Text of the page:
Right? It was that light bulb moment of, oh. Yeah, one of the things they do, for instance, is they would go to a page and then they would just tab through the main headings and link text, right? And if you think about it, that's what I do as a visual person when I'm looking at the page, I'm just scanning through. We don't actually read all the content, we're just scanning through the headings, right? Looking at what the links are. But just knowing that and how that's different, then we begin to think about how we put things together just a little bit differently, how we're going to test when we're doing those audits a little bit differently.

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Bob: You have this so ingrained in your brain, this accessibility, and outside of work, when you're shopping online, are there things that you see over and over happening? Do you actually ever test some of them while you're on there? Just think, "I'm wondering if this really works?" I just like to hear maybe a story or two from that.

Bet: One of the niches that we've been working with a little bit more has been VC-funded startups. There was a conference that I had been to up in Washington State before, and I thought, "Oh, I should see if they're going to do that conference this year." I went to their site, they have a new website, but the color contrast was an ... I'm getting a little older and the fonts are needing to be a little darker, a little further out. I looked at that and I thought, that's tiny and that doesn't ... Let me test that. No, no, no, it didn't meet it. I emailed them, and of course I'm being ... Yeah, I tend to do that, right? In the store. I'm like, "If you changed a couple of words on this sign above product here, you might sell more of them." Unsolicited marketing advice.

Brad: Come on. Bob, you've never QA'd a site and submitted a bug? You're shopping on a browser all the time.

Bob: Yeah. I'm wondering if you've ever actually not bought anything, because it was so irritating, you thought, "You people are just making a disaster out of this," or if you just think, "Okay," I mean, there's something that maybe even you without a disability had frustrations with, but you could see that this would amplify it with anybody that was trying to access it.

Bet: I haven't quite gotten there yet. Part of it is right now, I feel like people probably just don't know. They don't know any better, right? You have to know better to do better. I feel like we're still in this education piece. I haven't quite gotten there, but I can see the day. I mean, I'm more of a values-driven buyer on lots of things. I can see the day where maybe I've put in a few of those bug things and nothing is happening, maybe I'm going to think twice about that, for sure.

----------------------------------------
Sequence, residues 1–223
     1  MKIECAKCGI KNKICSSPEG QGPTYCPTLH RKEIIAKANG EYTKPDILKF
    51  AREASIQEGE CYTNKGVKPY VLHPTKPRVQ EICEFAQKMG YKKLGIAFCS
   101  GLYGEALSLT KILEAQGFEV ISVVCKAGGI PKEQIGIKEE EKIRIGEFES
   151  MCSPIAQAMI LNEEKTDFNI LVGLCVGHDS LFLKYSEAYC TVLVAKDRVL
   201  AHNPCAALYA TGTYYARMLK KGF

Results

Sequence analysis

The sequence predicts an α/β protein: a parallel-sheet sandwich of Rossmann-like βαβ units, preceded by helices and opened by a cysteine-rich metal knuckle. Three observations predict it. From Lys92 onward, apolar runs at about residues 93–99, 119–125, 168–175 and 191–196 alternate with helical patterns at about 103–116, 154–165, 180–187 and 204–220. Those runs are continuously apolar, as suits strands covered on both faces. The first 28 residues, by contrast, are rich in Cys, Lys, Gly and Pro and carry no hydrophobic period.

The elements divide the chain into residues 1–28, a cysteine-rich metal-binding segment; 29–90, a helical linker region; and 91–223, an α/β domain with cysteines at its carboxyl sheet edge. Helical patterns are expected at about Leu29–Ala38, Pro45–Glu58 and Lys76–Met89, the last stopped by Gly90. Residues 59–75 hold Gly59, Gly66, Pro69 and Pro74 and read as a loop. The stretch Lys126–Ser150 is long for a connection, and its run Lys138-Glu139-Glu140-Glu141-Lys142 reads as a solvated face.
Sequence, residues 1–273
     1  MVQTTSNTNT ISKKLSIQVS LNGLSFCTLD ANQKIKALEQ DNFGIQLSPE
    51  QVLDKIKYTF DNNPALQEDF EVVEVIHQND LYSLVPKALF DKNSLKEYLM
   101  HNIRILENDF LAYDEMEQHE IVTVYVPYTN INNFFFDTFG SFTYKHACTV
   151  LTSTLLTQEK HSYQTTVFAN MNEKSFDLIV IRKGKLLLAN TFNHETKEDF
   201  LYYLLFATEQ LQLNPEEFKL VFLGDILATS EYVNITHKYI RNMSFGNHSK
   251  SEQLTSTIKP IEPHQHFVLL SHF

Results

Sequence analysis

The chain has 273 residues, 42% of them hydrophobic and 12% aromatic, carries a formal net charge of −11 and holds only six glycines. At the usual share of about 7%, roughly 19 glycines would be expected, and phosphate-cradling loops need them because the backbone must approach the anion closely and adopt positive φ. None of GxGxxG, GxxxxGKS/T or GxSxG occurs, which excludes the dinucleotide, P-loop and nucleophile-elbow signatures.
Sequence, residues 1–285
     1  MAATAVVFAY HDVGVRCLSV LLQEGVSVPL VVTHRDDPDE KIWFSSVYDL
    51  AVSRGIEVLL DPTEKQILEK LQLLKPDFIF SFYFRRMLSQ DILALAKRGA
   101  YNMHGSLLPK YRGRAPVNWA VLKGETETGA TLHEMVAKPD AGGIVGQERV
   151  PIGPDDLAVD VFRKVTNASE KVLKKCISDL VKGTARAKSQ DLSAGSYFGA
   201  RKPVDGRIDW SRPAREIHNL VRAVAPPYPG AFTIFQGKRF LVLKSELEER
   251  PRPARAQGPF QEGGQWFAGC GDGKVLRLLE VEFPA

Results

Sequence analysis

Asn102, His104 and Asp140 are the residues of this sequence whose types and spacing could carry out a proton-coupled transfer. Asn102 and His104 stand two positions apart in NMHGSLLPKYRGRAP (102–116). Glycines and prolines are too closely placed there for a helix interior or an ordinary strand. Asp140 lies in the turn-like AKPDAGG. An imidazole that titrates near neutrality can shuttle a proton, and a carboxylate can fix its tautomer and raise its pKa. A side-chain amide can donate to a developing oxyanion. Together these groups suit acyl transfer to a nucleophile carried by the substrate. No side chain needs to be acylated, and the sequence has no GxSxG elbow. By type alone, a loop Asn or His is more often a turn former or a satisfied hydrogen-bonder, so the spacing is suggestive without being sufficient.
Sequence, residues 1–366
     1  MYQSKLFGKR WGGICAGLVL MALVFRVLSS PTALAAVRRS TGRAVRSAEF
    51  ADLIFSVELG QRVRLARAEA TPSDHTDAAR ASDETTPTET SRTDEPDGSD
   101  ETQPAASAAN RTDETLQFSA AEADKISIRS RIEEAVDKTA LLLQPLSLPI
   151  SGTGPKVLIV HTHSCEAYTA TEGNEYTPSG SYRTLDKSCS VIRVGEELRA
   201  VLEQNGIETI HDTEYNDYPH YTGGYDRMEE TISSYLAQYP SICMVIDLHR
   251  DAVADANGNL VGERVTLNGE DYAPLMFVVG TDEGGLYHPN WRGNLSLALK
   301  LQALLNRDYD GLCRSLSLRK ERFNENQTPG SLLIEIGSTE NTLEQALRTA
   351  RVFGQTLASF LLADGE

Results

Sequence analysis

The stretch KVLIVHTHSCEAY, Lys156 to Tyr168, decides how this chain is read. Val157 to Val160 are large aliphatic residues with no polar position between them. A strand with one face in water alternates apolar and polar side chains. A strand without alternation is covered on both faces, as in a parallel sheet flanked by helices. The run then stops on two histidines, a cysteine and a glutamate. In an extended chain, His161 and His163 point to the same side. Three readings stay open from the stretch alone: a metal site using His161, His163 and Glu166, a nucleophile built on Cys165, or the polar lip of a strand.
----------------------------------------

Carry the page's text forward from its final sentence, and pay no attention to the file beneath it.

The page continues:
Brad: I'm judgy. I just won't shop at places that don't have good experience. Even local. I refuse to buy there, but I should probably go talk to them. Even local businesses if they don't have a website, which probably by now most people do, but if you don't have a website, then I'm not going to work with you.

Bob: Yeah. Yeah, I've done that a couple of times and left it in the car. Then they send me a coupon two days and say, "We'll give you 25% off if you actually purchase this now." I'm like, "Okay. Now, do I decide saving 25 sentences worth of misery or not?" It's interesting.

Bet: Sometimes you don't get a choice, right? It's a plugin your need, or it's a whatever you need, a product you need or want, and nobody else sells it.

Brad: Yeah. Just real quick. I wanted to just springboard off what you said, Bet, around making sure you start with a good foundation. I think that's a really good point that I just want to reiterate again, is if you ... There's a lot of themes out there, there's a lot of framers, a lot of places you could start. There's builders, there's so many choices.

If you start with a good foundation, a really good framework or something that is already accessible out of the box, it doesn't mean it just magically stays accessible. You got to obviously, whatever you do to it, continue to make it accessible. But at least if the default state passes accessibility out of the box, then you're already a step ahead. I think that's important for people to check into when they're looking at themes to buy, potentially.

Bet: Yeah. But also be sure that as you're developing your testing, because sometimes you can add plugins that will begin to do things. The default search box, for instance, might be fine, but if you add in a specialized search plugin for this niche, it may or may not override that in a non-accessible way.